The first few months of the pandemic, everyone was feeling particularly motivated to bake. Friends I never thought would bake bread at home became attached to sourdough starter. I think we’ve all seen that trend wane (because I also have friends I thought I would never see use meal prep delivery services waiting for their packages with bated breath). But a lot of us are somewhere in the middle. We are still cooking and baking, but we wouldn’t say no to easier.
A galette is a freeform tart that can be made with sweet or savory fillings. I like to use seasonal fruit tossed in a bit of sugar or switch to savory and mix potatoes and root vegetables or even sautéed greens and chicken with onions. By definition, a galette is a rustic single-crust tart. There are no rules about fillings except, don’t make it too full and don’t make it too wet.
The dough I use is one I can’t even take credit for (I used Bon Appétit’s “Basic Tart Dough”), only that when we make it at home we use a food processor to accomplish it. That means there’s no hand cutting in butter. No mixing. It’s whacking a grating attachment on your food processor, pushing the butter through in three seconds, and then adding the egg. Twenty pulses or so later you have dough.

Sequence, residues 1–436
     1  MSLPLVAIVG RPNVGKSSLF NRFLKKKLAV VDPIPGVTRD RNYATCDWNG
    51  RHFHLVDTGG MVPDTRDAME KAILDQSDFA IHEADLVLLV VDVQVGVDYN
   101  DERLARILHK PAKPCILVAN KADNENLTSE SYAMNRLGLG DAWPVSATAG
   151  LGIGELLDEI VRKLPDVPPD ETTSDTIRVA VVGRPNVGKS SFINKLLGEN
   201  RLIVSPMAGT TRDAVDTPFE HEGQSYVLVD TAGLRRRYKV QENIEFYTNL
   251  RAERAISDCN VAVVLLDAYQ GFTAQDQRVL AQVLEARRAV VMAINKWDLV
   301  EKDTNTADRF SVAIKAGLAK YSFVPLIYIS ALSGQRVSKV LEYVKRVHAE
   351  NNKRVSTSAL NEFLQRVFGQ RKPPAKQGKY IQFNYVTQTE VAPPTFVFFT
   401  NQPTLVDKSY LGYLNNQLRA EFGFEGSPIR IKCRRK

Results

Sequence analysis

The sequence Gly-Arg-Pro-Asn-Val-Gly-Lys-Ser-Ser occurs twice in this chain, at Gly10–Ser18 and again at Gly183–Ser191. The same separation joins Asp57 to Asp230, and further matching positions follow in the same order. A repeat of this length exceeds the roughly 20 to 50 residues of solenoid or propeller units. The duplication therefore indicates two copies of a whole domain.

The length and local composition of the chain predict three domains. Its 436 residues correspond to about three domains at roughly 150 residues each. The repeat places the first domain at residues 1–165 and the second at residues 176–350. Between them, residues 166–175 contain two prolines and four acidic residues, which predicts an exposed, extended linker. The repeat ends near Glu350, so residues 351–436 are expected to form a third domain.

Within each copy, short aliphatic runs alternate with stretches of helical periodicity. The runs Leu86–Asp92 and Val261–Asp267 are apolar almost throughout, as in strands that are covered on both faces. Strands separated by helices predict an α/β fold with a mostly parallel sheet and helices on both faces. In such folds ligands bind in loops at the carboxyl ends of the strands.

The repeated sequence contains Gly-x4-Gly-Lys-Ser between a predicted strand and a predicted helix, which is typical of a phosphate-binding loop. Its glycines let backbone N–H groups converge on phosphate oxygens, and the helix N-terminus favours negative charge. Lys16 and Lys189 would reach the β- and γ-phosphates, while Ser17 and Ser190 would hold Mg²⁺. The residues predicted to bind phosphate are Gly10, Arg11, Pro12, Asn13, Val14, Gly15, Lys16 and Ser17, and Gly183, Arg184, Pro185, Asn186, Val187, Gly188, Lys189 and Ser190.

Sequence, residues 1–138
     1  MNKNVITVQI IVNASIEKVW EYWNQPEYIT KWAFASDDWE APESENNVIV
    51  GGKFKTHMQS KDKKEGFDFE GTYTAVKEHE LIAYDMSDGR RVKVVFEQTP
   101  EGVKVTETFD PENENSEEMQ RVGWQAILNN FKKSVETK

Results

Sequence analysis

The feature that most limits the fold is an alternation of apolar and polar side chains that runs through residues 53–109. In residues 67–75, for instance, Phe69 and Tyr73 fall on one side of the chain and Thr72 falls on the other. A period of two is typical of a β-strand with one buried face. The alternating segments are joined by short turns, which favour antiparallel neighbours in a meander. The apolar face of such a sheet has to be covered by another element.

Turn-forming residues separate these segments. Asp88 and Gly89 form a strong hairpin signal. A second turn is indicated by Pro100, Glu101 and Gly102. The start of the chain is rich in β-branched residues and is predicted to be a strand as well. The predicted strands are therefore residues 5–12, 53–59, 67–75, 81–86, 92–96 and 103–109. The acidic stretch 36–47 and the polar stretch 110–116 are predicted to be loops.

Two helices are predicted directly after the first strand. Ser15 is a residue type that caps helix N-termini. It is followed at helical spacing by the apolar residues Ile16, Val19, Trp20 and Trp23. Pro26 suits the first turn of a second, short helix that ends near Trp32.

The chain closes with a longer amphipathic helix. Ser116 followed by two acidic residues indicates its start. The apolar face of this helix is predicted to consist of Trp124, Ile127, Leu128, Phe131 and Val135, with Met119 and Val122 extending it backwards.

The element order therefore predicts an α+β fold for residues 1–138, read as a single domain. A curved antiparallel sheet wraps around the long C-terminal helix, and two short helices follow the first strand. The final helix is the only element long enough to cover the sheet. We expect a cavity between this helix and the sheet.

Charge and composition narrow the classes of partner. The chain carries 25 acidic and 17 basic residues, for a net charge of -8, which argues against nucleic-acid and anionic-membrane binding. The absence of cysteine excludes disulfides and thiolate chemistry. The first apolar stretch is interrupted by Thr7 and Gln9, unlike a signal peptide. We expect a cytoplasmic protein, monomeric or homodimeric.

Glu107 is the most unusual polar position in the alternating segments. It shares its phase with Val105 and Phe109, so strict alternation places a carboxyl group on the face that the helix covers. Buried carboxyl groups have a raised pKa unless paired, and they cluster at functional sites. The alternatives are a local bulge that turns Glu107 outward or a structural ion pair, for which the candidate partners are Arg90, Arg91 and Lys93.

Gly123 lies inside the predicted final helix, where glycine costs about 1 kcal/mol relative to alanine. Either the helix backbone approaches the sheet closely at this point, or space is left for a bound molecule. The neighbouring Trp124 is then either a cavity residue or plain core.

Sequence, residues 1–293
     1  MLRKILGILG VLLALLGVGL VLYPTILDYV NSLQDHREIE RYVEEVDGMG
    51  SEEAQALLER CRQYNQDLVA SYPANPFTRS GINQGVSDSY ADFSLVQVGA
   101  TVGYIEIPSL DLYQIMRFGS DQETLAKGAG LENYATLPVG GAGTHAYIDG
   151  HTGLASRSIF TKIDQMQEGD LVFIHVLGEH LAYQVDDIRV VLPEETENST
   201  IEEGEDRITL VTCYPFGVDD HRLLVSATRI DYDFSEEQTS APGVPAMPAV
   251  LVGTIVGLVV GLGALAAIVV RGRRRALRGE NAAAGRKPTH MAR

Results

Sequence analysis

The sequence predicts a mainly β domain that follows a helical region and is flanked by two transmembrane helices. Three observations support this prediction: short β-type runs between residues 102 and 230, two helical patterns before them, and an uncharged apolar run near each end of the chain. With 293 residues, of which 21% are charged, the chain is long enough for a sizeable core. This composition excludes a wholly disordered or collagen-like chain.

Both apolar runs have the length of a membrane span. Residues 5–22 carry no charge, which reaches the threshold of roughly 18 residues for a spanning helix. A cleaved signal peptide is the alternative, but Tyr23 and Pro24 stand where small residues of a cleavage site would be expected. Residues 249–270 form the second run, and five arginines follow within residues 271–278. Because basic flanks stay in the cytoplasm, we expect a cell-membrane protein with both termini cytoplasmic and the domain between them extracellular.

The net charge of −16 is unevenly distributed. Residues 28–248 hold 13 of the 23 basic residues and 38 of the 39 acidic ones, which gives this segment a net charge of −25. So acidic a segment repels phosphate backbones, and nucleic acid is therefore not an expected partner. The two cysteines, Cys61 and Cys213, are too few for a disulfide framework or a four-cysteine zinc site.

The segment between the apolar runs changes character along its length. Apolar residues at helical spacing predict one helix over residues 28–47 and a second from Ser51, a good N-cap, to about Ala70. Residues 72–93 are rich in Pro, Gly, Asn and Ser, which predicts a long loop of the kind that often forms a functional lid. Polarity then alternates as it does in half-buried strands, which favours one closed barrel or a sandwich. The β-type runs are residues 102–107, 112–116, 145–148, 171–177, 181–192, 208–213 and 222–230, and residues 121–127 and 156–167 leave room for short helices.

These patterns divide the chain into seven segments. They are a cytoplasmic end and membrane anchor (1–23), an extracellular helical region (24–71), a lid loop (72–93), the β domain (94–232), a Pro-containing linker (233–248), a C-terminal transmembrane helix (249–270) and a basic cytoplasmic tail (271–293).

Once you have your dough chilled and rolled out, you’ll need a sturdy bench scraper to help you transfer your dough onto a galette pan. A sturdy scraper will help provide stability in the transfer. Some scrapers that are ultra handy even have measuring guides on them to help you see how thin you’ve rolled your dough, or how wide/long your tart is.
This is less important for a free-form tart, but if you’re a croissant or pastry lover, this will be incredibly convenient for you instead of whipping out your desk ruler.
When selecting a pan to bake on, you want consistent results. An aluminum pan like this one from Nordic Ware comes with a no-rust, lifetime guarantee. It’s sturdy which you wouldn’t think would be a problem, but I’ve seen surprisingly flimsy sheet pans that have a disconcerting bend to them in my day…
To make your assembly flawless, I recommend using a mandolin ahead of time to keep your produce cuts even (whether you’re using zucchini or butternut squash or apples and sweet potatoes like I did).